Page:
One of the hardest things about this transition was the necessity of shifting my identity away from “librarian.” It wasn’t just what I did, it’s who I was. Side note: that is not healthy. So re-organizing my sense of self was a pretty important step, and was much easier with professional help. But I feel like in relinquishing that piece of myself, I have rediscovered the person who went into that career in the first place — I hadn’t seen that person for quite a while, and it’s nice to have her back.

The update-y part of the update is that I’m not quite five months into my new job and new career, and I am So. Much. Happier. Every day I keep waiting for the other shoe to drop, like any moment I’m going to discover that actually I hate this, but every week I get to Friday and think, wow, that was a great week. I definitely hit the jackpot with a fantastic manager, and I’m lucky that the work I do is fun and fulfilling. It has changed everything about how I feel about life, work, and myself.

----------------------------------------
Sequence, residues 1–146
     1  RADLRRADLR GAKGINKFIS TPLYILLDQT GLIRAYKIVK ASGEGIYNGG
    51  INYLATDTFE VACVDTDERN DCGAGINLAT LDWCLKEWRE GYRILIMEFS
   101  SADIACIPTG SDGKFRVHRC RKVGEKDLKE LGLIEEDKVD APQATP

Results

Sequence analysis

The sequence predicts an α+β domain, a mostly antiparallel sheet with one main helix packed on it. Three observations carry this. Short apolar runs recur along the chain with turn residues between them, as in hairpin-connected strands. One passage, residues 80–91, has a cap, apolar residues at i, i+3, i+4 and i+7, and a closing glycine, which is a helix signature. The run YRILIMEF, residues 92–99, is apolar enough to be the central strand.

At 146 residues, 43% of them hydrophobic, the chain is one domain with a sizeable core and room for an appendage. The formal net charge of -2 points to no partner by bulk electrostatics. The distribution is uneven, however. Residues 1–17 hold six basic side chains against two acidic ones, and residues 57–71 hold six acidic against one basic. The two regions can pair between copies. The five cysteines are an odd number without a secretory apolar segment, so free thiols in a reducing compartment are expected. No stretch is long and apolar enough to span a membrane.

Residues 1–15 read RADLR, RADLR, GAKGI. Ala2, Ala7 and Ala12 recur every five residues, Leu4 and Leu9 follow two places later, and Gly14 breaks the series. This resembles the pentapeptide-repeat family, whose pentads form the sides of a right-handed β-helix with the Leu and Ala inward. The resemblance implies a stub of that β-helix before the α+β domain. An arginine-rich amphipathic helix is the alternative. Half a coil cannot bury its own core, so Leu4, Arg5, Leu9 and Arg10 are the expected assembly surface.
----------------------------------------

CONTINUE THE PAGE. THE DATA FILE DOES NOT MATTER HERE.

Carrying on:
{ 45 comments… read them below }

  1. Administrative Bloat*

    This is such a great follow-up. Right there with ya, OP. If it’s public, wondering if you would share the LinkedIn ex-academic you follow…

    1. JellyBean*

      Would love to know as well, as I have escaped academia and am waayyy happier where I am now, but also using a fraction of my skills and not sure how to parlay previous academic experience into viable biz speak.

      More importantly, congratulations! Escaping a toxic system truly requires courage and grit and takes a while to recover from.

    2. Pied Piper*

      Same! I’m an academic and my contract ends next summer, so I’m job hunting, both inside and outside of academia.
      The knowledge management piece is new to me, so thank you, OP, and I’d love to learn more about the ex-academic!

      1. knowledge manager*

        I turned (minimal!) library experience into a knowledge management job. Highly encourage this option!